For this year's Jefferson Lecture, given each year by a distinguished American intellectual, Henry Louis Gates Jr. transported his audience back to 1772.
The place: A room in Boston. The central character, Phillis Wheatley, an African American who was essentially on trial for impersonating a poet.
Gates, a Harvard University literary scholar, unspooled the story: A board made up of influential citizens had questions about the authenticity of Wheatley's work. Could she really have written it?
That session was just the start of Wheatley's rocky relationship with critics, one that continues in some literary and academic circles until this day. Gates said he chose her story as the focus of the National Endowment for the Humanities-sponsored annual lecture, given Friday night at the Ronald Reagan Building, because more than the young woman's literary skills were being questioned.
Wheatley was a slave owned by a well-to-do tailor and merchant. As a young girl, she arrived in Boston in 1761 and was taught to read by her master's children. By 1765, she had written a poem. In 1767 she published her first poem, in a Rhode Island newspaper. By 1772 the Wheatleys wanted to have 28 of her poems published. Other Bostonians doubted she had the intellect and talent to do the writing. That is why the tribunal was called.
"If she had indeed written her own poems, then this would demonstrate that Africans were human beings and should be liberated from slavery. If, on the other hand, she had not written, or could not write her poems, or if indeed she was like a parrot who speaks a few words plainly, then that would be another matter entirely," Gates said. "Essentially, she was auditioning for the humanity of the entire African people."
The hearing concluded successfully. In 1773, "Poems on Various Subjects, Religious and Moral," a collection of 39 works, was published in London and stands, said Gates, "as the first book of poetry published by a person of African descent in the English language." An African American literary tradition was born, and Wheatley's accomplishments gave the antislavery movement a tangible example of African equality.
"With the publication of her book, Phillis Wheatley almost immediately became the most famous African on the face of the Earth, the Oprah Winfrey of her time," said Gates, prompting supportive laughter from the standing-room-only audience at the talk.
Gates is one of the most visible scholars in the country, a prolific critic and writer, and director of Harvard's W.E.B. Du Bois Institute for Afro-American Research. One of his specialties is rediscovering forgotten works by African American writers.
Wheatley had critics who surfaced from time to time over the next 200 years. Gates found a quote from Thomas Jefferson, the namesake of the humanities lecture, that dismissed her poetry: "Religion, indeed, has produced a Phillis Wheatley; but it could not produce a poet. The compositions published under her name are below the dignity of criticism." Her work often was caught in what Gates called "the politics of authenticity." When black critics in the 20th century began to define a black aesthetic, they said Wheatley didn't fit the bill. Literary figures such as James Weldon Johnson, Wallace Thurman, Amiri Baraka, Stephen Henderson and Addison Gayle all said her work was an example of self-hatred.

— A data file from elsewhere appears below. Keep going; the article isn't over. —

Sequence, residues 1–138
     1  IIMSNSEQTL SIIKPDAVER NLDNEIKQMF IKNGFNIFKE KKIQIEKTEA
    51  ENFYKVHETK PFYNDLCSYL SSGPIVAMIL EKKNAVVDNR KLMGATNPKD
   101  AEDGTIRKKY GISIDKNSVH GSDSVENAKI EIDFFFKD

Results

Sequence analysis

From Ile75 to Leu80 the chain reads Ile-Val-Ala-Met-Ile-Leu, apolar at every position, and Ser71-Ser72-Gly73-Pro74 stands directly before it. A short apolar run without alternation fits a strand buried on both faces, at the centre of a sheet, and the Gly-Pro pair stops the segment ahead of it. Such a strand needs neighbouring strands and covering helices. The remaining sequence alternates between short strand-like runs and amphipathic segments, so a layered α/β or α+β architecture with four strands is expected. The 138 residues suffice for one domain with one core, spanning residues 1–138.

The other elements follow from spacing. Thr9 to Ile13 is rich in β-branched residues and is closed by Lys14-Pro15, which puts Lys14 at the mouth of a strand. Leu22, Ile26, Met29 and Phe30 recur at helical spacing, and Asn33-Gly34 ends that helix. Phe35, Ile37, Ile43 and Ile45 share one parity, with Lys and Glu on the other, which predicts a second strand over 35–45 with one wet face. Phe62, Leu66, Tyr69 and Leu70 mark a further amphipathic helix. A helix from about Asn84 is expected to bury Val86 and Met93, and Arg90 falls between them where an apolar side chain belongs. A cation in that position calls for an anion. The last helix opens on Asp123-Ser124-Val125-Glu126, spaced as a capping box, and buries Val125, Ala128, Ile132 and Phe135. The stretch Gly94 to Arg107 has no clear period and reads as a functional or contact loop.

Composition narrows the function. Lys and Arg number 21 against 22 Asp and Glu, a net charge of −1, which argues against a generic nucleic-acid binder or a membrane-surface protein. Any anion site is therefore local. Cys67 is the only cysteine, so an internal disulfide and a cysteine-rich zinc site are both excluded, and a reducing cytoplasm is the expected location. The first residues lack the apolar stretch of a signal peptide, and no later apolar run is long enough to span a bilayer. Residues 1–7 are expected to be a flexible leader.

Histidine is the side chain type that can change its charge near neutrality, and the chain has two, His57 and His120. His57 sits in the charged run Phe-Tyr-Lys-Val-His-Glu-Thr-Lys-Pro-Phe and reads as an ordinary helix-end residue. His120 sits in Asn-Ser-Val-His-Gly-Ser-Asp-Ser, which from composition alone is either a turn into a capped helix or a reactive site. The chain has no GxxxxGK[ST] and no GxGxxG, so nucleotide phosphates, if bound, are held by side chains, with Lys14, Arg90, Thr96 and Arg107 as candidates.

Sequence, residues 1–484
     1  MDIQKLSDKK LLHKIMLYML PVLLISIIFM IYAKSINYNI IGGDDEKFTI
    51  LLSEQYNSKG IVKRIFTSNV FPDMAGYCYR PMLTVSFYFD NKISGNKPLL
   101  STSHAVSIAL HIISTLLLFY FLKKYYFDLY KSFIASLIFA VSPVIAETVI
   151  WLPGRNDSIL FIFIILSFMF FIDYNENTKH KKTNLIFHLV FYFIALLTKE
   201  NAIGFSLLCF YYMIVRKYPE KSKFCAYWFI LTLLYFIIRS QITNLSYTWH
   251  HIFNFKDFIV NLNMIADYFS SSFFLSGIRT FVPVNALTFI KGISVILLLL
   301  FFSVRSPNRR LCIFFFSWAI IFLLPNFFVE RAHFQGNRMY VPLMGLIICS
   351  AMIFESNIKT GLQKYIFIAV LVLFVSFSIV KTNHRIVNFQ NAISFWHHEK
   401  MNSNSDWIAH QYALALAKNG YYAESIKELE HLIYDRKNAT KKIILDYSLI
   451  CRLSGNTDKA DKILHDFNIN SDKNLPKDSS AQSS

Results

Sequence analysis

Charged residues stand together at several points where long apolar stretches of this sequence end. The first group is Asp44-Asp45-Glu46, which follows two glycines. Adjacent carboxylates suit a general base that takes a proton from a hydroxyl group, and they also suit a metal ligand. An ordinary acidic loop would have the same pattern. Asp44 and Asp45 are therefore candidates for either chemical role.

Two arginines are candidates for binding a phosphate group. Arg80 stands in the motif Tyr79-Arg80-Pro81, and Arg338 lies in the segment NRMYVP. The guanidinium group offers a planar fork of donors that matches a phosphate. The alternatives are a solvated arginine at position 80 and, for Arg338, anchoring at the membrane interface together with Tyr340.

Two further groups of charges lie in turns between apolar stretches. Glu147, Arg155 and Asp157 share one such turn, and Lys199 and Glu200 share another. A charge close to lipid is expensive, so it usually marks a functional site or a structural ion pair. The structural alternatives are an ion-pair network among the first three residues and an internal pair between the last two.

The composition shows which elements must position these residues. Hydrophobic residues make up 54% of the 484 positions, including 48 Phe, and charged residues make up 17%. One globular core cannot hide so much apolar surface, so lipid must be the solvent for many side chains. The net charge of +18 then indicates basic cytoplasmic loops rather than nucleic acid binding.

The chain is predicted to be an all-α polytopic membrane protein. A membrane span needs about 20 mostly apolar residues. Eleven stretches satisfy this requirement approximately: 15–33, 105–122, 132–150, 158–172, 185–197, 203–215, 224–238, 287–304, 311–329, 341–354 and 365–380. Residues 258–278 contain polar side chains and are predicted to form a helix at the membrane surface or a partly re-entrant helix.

"Precisely the sort of mastery of the literary craft and themes that led to her vindication before the Boston town-hall tribunal," Gates said, "was now summoned as proof that she was, culturally, an impostor."
Gates blamed this all on "On Being Brought from Africa to America," an eight-line poem that she wrote in 1768. "Twas mercy brought me from my pagan land / Taught my benighted soul to understand" are two frequently quoted lines.
But, however embarrassing those sentiments are today, Gates said, Wheatley deserves revisiting. And Wheatley may have had the last laugh. Gates said a freelance writer told him the poem was actually an anagram, pleading for the end of slavery.
"It's fun to think that the most scorned poem in the tradition, all this time was a secret, coded love letter to freedom, hiding before our very eyes," said Gates. So give Wheatley another chance, he suggested.
"The challenge isn't to read white, or read black; it is to read. If Phillis Wheatley stood for anything, it was the creed that culture was, could be, the equal possession of all humanity. It was a lesson she was swift to teach, and that we have been slow to learn. But the learning has begun."